Morton Durr (text) and Lars Horneman (illustrator) Zenobia, University of Queensland Press, October 2018, 96 pp., RRP $19.99 (hbk), ISBN 9780702260254
Zenobia was a great Syrian warrior Queen who once ruled everything from Egypt to Turkey. She is also Amina’s inspiration, something her mother teaches her to hold on to in order to survive the war in her country, and the unrest when it reaches her village.
Zenobia is the story of Amina who lives in a village with her parents. The graphic novel opens when Amina on a refugee boat, alone, when it is caught in a storm. When she is washed overboard, she begins to remember her parents in her village, and their life together and what led her to be on a refugee boat on her own, without her parents.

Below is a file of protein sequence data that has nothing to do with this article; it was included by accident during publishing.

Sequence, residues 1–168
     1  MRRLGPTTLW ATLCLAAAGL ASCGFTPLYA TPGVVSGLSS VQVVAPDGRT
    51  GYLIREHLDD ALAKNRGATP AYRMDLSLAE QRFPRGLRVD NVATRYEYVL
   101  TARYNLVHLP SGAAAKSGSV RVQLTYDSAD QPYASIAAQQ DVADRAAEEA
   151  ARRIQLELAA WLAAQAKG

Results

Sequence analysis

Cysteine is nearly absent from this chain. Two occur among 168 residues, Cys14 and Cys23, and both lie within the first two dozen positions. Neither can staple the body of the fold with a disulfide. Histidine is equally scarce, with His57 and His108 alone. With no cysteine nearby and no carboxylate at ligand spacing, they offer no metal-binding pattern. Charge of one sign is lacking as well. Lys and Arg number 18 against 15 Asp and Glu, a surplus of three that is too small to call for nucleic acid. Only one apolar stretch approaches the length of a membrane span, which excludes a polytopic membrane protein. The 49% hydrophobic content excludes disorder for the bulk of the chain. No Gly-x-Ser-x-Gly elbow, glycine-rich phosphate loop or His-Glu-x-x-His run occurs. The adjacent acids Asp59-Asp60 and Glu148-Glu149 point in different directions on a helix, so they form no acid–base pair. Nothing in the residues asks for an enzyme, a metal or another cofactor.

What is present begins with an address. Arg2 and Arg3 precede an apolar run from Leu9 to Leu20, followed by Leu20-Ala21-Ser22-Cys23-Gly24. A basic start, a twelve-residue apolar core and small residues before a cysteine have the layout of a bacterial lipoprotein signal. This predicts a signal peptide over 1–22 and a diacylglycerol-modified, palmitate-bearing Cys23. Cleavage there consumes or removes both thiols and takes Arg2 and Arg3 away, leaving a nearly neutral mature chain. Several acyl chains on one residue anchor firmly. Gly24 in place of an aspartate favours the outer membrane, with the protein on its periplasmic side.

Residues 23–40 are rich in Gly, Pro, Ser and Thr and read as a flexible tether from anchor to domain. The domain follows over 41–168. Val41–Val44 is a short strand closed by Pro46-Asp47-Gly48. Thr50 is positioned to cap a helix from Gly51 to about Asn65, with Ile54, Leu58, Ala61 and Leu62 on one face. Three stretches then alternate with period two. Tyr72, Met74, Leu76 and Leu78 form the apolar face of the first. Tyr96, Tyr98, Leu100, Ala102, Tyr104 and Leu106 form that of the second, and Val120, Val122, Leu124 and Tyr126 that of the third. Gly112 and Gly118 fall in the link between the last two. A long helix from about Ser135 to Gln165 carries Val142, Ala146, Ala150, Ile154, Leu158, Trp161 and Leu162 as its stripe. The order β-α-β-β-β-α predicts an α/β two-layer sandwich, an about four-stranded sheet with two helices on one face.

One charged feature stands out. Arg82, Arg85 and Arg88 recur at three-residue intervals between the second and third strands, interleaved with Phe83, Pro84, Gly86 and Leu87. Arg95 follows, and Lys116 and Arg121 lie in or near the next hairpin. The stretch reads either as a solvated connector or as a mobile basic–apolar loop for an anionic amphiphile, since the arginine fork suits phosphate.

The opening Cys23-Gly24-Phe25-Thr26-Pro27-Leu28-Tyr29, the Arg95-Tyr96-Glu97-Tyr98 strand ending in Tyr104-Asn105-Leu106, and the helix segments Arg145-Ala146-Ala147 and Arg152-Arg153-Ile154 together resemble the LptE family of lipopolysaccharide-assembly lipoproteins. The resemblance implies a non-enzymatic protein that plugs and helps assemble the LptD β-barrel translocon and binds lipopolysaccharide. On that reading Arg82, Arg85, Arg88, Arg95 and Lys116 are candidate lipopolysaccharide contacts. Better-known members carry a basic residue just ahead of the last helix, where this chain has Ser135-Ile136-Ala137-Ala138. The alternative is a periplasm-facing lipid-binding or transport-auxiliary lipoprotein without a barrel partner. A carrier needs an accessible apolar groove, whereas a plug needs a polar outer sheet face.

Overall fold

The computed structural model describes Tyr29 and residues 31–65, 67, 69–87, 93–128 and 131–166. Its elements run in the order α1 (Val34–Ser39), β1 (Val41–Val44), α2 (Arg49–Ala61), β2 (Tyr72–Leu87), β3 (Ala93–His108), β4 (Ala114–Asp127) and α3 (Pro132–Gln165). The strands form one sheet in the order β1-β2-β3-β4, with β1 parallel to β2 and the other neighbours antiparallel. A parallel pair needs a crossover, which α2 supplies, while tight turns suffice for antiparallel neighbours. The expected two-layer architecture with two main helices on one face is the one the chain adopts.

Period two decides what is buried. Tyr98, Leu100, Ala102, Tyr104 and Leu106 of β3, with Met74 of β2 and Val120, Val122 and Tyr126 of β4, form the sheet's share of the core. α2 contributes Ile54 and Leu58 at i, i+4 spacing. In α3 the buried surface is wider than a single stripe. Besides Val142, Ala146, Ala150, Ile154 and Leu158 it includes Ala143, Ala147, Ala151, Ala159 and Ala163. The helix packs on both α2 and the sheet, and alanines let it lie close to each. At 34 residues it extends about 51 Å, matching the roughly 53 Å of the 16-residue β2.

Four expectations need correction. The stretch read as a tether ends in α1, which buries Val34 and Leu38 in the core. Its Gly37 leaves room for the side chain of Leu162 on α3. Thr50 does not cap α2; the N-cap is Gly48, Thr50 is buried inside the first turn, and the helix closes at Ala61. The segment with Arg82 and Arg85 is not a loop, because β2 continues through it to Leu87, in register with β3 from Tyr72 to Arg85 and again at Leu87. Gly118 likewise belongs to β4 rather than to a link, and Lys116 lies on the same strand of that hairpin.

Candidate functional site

The art is beautiful and desolate and tells a story as effectively as if every panel had dialogue – I think it will resonate more with readers to see what Amina goes through without being distracted by dialogue. The dialogue that is there is to the point, and succinct – and the combination of both makes for a heartbreaking story.
Zenobia is the story of a young girl, with a home and parents just like the readers discovering this graphic novel. Grounding the story in the familiar will make young readers understand Amina’s story and what refugees experience and why when they make a decision to board a boat to an uncertain future.
Reviewed by Verushka Byrow